by Seth Rubin, Esq.
It happens all the time. Business people get together, strike up a conversation and – before you know it – a deal has been struck. However, at this point, the “deal” exists only in the form of some scribbled notes on a napkin from the restaurant where the business meeting took place. Enter the lawyers who, in many cases, will advise the parties to memorialize their deal in a letter of intent. But what terms should be included in a letter of intent, and are they binding? What should parties expect from a letter of intent?
The answers to these questions are not clear cut. They depend, in part, on the parties’ understanding of what the deal is supposed to encompass and also on how much time the parties have already spent discussing the deal. In some cases, this may be very limited (“I agreed to sell my business and she agreed to buy it”) and in other cases, the parties may have spent weeks trying to resolve every last detail of the transaction before even thinking about a letter of intent. Usually, the answer lies somewhere in between and a letter of intent can be used effectively to determine the ground rules and parameters for negotiation.
At a minimum, a letter of intent should be able to achieve certain basics: (A) set forth the fundamental terms of the deal – Is it a stock purchase, an asset purchase or some other type of deal? What is the purchase price and how will it be paid?; (B) identify certain major conditions that must be satisfied before either party is required to close – e.g. bank financing, regulatory approval, or third party consents; and (C) determine which parts of the letter of intent will be binding and which will be non-binding.
Of course, Buyers and Sellers each want binding provisions that protect their respective interests. Sellers are typically interested in protecting themselves against the possibility that a proposed deal will collapse, word will leak to the press and the public that the business is for sale, competitors will swarm like sharks, and their business will be ruined. Buyers, on the other hand, want to keep Sellers from creating a bidding war among multiple potential buyers and driving the price of the transaction to a point where it no longer makes sense to make the deal.
Fortunately, if crafted properly and the parties are reasonable, a letter of intent can accomplish the goals of both Buyers and Sellers. Among other things, a letter of intent should contain confidentiality provisions requiring that all documents exchanged by the parties (subject to certain widely acknowledged exceptions) should be kept confidential and that no party should publicly disclose the negotiations between the parties or even the existence of a letter of intent. In exchange for the time, effort and money being expended, a Buyer wary of a bidding war may rightfully request a “no-shop” clause which prohibits a Seller from negotiating with other potential buyers for a specified period of time. During this time, the Buyer will have the option but not the obligation to buy Seller’s business. Typically, the longer the time period in a no-shop clause, the better it is for the Buyer. Depending on the relative strength of the parties and the dynamics of the deal, in exchange for such a provision, the Buyer may be asked to deposit with the Seller a good faith deposit of some portion of the purchase price which the Seller may keep in the event the deal is not closed by a certain date.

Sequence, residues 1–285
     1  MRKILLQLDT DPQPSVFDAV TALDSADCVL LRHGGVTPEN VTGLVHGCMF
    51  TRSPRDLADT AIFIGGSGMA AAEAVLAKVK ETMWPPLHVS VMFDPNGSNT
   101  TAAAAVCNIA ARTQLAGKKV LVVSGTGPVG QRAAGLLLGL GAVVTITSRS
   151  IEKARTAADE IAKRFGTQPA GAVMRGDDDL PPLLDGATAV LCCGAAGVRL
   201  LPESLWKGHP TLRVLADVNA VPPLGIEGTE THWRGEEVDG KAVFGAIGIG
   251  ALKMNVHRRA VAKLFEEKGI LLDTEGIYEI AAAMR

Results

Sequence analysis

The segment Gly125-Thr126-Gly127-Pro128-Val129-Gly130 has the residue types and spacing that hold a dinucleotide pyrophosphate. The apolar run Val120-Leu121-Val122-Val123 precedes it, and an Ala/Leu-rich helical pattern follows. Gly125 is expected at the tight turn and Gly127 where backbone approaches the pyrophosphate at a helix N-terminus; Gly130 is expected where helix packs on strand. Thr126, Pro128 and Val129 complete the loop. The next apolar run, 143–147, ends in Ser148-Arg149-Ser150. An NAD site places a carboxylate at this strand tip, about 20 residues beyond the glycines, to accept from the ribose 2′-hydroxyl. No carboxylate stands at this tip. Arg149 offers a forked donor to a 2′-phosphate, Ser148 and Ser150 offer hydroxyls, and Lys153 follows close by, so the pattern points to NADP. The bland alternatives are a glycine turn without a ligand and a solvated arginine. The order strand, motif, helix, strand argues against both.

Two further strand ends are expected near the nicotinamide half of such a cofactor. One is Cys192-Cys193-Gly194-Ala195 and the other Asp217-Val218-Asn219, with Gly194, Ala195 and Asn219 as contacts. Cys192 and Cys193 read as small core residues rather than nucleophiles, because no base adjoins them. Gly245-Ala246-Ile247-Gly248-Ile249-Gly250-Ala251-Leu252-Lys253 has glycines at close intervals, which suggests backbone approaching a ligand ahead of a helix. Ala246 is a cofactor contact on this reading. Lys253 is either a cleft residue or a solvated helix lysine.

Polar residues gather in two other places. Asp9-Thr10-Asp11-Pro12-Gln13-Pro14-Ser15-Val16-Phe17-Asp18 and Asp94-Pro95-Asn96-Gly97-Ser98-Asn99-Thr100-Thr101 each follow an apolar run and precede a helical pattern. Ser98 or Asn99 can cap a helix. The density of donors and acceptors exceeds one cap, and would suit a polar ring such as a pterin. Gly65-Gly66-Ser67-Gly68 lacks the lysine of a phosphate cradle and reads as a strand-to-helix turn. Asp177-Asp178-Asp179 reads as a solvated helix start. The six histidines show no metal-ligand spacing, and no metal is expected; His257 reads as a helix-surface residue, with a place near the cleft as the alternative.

Beyond these basics, it is debatable whether there is a benefit to including more detail. What is clearly undesirable is to have a letter of intent that becomes so over-negotiated that the cost of the document (in terms of time and money spent in drafting it) outweighs the benefit. In certain cases, parties may wish to consider an alternative to a letter of intent. One possibility is a term sheet, which is similar to a letter of intent in the topics it covers, but typically does so in more summary fashion and is customarily viewed as (and states that it is) non-binding. The parties won’t get all the advantages of a letter of intent but at least will have succeeded in identifying important issues for negotiation. Another possibility is to skip the term sheet or letter of intent altogether and move immediately to definitive documentation. If initial negotiations are extensive and detailed, it may pay to avoid a letter of intent so that the parties don’t wind up with two sets of negotiations – one at the letter of intent stage and one at the definitive documents stage. There are risks and benefits in each scenario.
If parties ultimately choose to use a letter of intent, it is important that the letter of intent reflect the intentions of the parties as accurately as possible, whether or not a given provision is intended to be binding. This is because a letter of intent, for better or worse, will be used as a template for the definitive documents to be negotiated by the parties. Departures from the terms of the letter of intent will need to be justified and may come at a cost. As importantly, many business people feel that once a letter of intent has been executed, the parties are obligated (morally, ethically or otherwise) to close a deal in accordance with the stated terms. For this reason, and other reasons described in this article, a letter of intent can be both a blessing and a curse. Before entering into a letter of intent, or deciding to forego the use of one, be sure to consult with counsel experienced in business transactions.